Aslan Karatsev makes history after beating injured Grigor Dimitrov to reach Australian Open semi-finals

Russian qualifier will face either defending champion Djokovic or US Open finalist Zverev for a place in the final

Russia's Aslan Karatsev celebrates his match point against Bulgaria's Grigor Dimitrov during their men's singles quarter-final match on day nine of the Australian Open tennis tournament in Melbourne on February 16, 2021. -- IMAGE RESTRICTED TO EDITORIAL USE - STRICTLY NO COMMERCIAL USE --
 / AFP / Brandon MALONE / -- IMAGE RESTRICTED TO EDITORIAL USE - STRICTLY NO COMMERCIAL USE --
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Russian qualifier Aslan Karatsev continued his fairytale run at the Australian Open by becoming the first man to reach a Grand Slam semi-final on debut on Tuesday.

The world No 114 fell a set behind to Grigor Dimitrov but the Bulgarian 18th seed sustained a back injury that put paid to his hopes of reaching the Australian Open last-four for a second time. Karatsev took full advantage to win 2-6, 6-4, 6-1, 6-2 and will face either top seed and defending champion Novak Djokovic or German seventh seed Alexander Zverev.

"Unbelievable feeling, first time in semis. Incredible," said Karatsev. "It was tough at the beginning for me to hold my nerves, but I tried to find a way to play."

In making the last four, he became just the second qualifier to do so at the Australian Open after Bob Giltinan in 1977. He is also the lowest-ranked man to make the semis at a Slam since Goran Ivanisevic at Wimbledon in 2001 when ranked No 125.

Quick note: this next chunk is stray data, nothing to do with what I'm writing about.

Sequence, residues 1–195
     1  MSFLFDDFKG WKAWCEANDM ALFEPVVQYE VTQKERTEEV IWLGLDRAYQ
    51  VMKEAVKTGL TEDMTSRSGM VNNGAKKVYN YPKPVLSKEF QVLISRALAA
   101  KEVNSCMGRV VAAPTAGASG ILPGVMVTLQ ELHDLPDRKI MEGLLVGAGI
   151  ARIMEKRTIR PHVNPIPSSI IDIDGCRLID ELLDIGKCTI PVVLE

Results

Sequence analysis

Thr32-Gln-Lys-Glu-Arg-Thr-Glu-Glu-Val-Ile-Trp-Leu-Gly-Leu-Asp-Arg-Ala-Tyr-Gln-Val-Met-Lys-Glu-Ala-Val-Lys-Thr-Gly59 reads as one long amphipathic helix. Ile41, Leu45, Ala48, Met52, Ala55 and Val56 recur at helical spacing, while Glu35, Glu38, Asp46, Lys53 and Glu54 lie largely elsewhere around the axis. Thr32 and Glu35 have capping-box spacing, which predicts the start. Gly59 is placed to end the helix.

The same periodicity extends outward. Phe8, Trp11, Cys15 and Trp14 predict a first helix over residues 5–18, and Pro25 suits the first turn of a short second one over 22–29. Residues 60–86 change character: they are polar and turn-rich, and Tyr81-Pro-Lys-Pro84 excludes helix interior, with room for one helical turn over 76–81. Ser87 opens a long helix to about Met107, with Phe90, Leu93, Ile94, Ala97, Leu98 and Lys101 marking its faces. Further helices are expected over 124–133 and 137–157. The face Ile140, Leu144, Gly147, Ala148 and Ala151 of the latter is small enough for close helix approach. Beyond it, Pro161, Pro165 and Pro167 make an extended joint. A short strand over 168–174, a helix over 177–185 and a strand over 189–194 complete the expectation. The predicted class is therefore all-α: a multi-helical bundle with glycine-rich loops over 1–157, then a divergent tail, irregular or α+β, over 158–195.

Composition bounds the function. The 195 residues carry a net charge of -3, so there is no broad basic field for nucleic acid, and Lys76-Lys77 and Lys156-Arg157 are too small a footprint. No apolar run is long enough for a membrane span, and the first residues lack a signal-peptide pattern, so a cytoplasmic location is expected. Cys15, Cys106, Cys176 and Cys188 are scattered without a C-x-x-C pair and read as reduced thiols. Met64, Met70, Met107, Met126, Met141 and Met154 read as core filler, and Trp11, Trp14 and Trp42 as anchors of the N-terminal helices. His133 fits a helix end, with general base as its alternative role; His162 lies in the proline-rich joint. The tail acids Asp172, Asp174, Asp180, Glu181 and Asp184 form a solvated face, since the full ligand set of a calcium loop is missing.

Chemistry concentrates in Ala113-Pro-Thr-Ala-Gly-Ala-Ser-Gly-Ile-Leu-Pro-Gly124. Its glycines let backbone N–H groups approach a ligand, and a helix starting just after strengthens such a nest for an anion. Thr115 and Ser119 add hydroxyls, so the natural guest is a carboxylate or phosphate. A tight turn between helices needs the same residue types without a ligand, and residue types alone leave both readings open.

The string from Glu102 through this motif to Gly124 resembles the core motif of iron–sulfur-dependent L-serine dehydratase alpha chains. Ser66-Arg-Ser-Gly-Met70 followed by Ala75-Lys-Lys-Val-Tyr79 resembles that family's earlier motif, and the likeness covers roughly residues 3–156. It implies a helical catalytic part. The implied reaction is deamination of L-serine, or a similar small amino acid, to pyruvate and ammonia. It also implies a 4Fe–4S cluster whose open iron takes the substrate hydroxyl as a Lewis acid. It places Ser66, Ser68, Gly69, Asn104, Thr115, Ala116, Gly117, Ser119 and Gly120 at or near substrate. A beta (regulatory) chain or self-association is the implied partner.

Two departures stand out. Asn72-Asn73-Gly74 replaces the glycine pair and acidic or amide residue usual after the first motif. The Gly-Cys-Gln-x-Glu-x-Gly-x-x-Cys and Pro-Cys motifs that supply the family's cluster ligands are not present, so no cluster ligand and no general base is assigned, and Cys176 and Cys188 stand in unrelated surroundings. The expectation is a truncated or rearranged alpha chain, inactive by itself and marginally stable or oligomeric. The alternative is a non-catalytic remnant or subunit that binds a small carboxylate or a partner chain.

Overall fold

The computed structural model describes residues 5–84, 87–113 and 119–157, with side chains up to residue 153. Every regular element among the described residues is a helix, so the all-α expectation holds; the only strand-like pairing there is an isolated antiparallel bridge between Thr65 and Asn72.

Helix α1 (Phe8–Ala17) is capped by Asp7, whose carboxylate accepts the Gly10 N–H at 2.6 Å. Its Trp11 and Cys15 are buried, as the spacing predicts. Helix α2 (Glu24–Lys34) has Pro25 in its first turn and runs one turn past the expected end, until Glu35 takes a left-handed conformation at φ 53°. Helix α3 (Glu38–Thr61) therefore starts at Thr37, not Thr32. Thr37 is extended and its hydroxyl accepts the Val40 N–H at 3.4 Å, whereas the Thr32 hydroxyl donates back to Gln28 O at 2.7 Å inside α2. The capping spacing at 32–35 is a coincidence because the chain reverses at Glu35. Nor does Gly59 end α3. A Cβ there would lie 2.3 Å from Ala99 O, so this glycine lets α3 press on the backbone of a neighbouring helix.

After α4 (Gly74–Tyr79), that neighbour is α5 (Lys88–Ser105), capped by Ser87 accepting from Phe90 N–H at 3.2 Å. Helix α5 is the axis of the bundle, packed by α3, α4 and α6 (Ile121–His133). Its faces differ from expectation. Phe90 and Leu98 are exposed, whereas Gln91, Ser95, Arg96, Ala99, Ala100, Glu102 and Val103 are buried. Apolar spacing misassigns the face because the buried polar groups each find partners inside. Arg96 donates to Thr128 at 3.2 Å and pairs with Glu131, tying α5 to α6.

A virtual unknown before the tournament started, Karatsev has spent the bulk of his professional career fighting for points on the ATP Challenger Tour.

But he has played the tournament of his life in Melbourne, blitzing eighth seed Diego Schwartzmann and 20th seed Felix Auger-Aliassime on his way to meeting Dimitrov.

Dimitrov served to love to open proceedings but Karatsev fixed his radar and broke for 2-1 when the Bulgarian fluffed a forehand.

But the advantage only lasted until the next game when Dimitrov levelled then broke again for 4-2, winning five games in a row to take the opening set in just 33 minutes.

The Russian was guilty of too many loose shots and had trouble landing his forehands.

But he is a fighter and refused to go quietly, breaking for a 3-2 lead in the second on the back of a wild Dimitrov volley then breaking again to unexpectedly secure the second set.

His persistence began irritating Dimitrov, who started muttering to himself as frustrations crept in and he went 3-1 down in the third set.

The Bulgarian then began struggling as the set wore on and was barely able to serve at 1-5 before taking the medical timeout.

The 29-year-old returned but never looked like getting back in the match.

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